Mackenzie Robertson said she and her teammates are every bit as hungry for a repeat as they were to win the championship last season. Last year’s motto was “Unfinished Business”; this year it has changed to “Back to Business.” The locker room feels a bit more relaxed, but Williams said the focus is still there and just as intense. “This year we lost a game, so we know we can slip. Last year we didn’t.”

The Bears are walking the tightrope between keeping that focus on the game immediately in front of them and energizing themselves to go the distance. After watching film Monday, Baylor opened its practice backed up my a musical playlist featuring all Louisiana and New Orleans lyrics. While mostly Country-Western in genre, the hits included an up-tempo Zydeco rendition of “Don’t Mess with my Toot Toot,” to which the team performed its stretches in an ersatz line dance.

Expect things to be hotter than ever inside Ferrell Center on Tuesday night, when Griner takes to the floor for her final home game at Baylor. As of Monday afternoon, fewer than 1,000 seats remained unsold in the arena which holds a capacity 10,284 for basketball, but even that turnout, to which many teams would aspire, did not satisfy Bayor head coach Kim Mulkey who is already hot – under the collar, that is – because the arena hasn’t yet sold out for Griner’s last game at Ferrell.

“Let me say this,” said Mulkey, “this building should be sold out. I don’t care that it’s an 8:30 game; I don’t care if it’s a school night. Some people in the community will not be able to go to Oklahoma City; they will not be able to go if we continue on. This could be our national championship. This could be Brittney Griner’s last game. It for sure is going to be her last game in this building. And I can’t imagine sitting at home watching that on television and not coming out here and paying $15 or $25 to watch that kid play. And it disappoints me to think  we even have tickets left to be sold. And people want to say, ‘Well, it’s a school night.’ Well, leave at halftime.”

“And I do know this, we’re going to have a special guest in the house tomorrow,” Mulkey teased her public. “People need to come see who it is. It’s going to be more than Florida State and Baylor.”

Griner said she expects her last night on the home floor where she has witnessed only  two defeats in her four-year career to be an emotional moment.

“It will be more emotional than Senior Night, because I knew then that I had more games there. I love playing here and I’m going to miss it.”

Then she added, “I just hope it’s not my last game.”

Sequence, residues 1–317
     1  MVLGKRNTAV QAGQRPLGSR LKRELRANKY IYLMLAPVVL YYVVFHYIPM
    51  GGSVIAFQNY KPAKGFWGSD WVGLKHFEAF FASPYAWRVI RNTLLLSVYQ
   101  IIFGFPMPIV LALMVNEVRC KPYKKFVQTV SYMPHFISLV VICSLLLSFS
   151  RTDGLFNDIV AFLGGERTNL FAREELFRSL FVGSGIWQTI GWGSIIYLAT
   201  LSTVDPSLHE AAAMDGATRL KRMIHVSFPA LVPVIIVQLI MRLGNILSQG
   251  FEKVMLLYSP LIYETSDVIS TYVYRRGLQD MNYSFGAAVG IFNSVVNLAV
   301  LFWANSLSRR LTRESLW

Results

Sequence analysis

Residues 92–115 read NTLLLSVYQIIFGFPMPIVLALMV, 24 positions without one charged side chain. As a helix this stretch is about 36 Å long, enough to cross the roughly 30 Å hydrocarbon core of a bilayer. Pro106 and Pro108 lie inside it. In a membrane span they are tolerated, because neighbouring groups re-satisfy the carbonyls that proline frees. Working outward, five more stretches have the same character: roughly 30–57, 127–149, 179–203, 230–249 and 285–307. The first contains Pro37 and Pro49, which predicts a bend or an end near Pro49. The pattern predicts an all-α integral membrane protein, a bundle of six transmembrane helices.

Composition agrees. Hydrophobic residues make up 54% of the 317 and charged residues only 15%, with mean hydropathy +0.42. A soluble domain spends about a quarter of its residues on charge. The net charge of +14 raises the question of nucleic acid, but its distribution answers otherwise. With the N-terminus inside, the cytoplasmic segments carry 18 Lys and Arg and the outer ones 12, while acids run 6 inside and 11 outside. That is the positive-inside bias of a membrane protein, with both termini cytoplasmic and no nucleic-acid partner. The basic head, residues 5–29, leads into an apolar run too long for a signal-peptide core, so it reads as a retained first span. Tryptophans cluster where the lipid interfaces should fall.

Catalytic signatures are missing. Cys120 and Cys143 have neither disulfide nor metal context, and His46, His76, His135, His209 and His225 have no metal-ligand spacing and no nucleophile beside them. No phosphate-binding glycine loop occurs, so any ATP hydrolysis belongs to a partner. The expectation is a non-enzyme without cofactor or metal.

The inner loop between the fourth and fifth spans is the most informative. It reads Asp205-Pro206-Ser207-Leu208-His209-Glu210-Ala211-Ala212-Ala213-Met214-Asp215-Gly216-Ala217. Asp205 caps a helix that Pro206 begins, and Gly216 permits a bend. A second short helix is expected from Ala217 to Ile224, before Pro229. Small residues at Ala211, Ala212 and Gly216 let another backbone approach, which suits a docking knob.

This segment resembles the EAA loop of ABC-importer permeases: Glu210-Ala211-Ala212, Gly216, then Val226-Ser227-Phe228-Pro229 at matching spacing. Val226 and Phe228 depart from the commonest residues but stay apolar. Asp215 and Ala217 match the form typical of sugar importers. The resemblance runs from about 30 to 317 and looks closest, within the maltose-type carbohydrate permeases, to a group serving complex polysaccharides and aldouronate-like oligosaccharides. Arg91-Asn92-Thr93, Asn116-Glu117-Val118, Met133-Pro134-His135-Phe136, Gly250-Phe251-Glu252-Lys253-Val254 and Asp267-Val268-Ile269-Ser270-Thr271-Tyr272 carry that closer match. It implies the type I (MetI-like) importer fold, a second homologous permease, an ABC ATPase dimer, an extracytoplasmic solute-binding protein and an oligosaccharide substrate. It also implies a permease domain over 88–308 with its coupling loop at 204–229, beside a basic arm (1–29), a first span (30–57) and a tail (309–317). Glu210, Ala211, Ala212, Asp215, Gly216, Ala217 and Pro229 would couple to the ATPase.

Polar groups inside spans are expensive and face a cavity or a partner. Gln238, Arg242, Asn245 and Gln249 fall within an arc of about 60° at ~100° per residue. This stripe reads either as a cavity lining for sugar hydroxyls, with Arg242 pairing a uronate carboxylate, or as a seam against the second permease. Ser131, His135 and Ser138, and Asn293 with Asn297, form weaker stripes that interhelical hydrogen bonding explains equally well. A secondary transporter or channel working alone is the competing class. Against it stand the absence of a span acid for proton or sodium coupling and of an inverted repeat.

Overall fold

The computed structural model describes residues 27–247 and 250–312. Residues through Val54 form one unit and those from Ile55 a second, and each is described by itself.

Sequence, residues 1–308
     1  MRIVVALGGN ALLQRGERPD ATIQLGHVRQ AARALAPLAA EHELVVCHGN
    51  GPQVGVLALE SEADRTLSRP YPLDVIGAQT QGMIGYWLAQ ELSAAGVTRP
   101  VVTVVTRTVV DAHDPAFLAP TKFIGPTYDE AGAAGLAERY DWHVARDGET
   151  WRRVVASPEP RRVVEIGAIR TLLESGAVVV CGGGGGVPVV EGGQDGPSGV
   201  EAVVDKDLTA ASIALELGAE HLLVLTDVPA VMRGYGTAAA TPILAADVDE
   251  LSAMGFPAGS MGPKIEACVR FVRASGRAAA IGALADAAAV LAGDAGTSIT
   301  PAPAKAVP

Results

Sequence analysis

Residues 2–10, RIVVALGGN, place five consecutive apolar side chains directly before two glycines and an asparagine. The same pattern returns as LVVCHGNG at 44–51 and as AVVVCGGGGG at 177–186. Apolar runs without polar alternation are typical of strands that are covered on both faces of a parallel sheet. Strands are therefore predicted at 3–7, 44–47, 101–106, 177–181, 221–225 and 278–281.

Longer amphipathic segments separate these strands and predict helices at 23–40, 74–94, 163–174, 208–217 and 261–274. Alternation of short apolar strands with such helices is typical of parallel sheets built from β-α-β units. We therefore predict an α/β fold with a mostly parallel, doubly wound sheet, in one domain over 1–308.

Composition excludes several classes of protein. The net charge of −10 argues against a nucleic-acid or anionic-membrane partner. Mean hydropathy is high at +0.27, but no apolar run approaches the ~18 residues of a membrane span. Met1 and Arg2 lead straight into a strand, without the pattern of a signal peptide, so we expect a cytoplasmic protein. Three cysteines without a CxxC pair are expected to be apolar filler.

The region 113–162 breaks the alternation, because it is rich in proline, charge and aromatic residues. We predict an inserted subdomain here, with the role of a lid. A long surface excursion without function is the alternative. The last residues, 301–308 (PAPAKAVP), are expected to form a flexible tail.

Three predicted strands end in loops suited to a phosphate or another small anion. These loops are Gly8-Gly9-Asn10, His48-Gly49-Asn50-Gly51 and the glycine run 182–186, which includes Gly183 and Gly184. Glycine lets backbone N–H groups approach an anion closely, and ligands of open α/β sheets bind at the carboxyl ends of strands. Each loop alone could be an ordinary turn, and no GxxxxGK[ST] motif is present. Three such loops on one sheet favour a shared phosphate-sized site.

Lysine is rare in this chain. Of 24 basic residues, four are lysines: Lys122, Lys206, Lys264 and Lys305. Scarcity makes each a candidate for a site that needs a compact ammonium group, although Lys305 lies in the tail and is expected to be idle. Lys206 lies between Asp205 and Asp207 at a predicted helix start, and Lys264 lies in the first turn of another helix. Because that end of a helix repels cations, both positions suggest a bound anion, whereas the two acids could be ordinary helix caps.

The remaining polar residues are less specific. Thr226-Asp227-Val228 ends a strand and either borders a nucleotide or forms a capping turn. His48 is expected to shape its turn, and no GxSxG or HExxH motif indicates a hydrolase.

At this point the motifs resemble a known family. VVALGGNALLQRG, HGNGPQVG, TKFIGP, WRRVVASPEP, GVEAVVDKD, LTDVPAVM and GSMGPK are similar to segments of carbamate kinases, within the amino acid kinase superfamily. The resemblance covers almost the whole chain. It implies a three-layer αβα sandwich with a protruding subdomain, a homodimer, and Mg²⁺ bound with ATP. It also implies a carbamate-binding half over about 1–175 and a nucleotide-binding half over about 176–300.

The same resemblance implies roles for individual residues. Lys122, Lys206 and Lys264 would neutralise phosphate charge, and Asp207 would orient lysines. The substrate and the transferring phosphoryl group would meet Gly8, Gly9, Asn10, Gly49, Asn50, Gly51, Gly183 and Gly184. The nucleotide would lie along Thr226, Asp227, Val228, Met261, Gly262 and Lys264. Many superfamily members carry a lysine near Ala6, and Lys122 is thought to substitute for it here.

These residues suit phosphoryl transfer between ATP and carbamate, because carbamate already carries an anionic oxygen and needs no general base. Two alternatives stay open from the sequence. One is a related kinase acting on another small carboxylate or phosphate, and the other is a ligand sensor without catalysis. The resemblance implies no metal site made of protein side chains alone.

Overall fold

As for Florida State, no one will admit to any sense of intimidation, but head coach Sue Semrau knows her crew will have their work cut out for them – certainly with Griner, who has five inches on the ‘Noles’ tallest player, 6-3 forward Natasha Howard – but also with the rest of the Bears.

“They have great pressure,” said Semrau Monday. "It starts with Odyssey [Sims] and their wings. We used to have a kid back there [in Tallahassee, Fla.] that was 6-6, and it covers a lot of sins. You’ve got kids that drive by and then it’s,  ‘Hey, welcome to the paint!’”

Griner will there tonight to welcome Howard and the rest of the Seminoles to the paint, and expect the greeting to include at least one more dunk. to During the 15 minutes the off-day practice was open to the media, Baylor was working hard at getting the ball quickly down court and into Griner’s hands in the low post against the kind of trapping, pressure defense the Seminoles used to such good effect in Sunday’s win over Princeton. “If they’re going to pressure you, make 'em pay,” Mulkey exhorted her players.

Griner says the dunk is not her favorite part of the game and that she personally doesn’t get any particular adrenaline rush out of a stuff. “I don’t really think about the number,” she said Monday of her record 15th jam. “If it wasn’t for my teammates, I would probably only have five. I just go out there and play.”

But as her career at Baylor draws to a close, Griner jams it home anyway,  and with increasing frequency. Her teammates say, she does it in part to make a statement that Baylor is back and is ready to dominate and in part because they keep urging her to throw down. And, says Williams, Griner also does it for the fans, who obviously still love it and have grown to love the unassuming 6-8 star as well.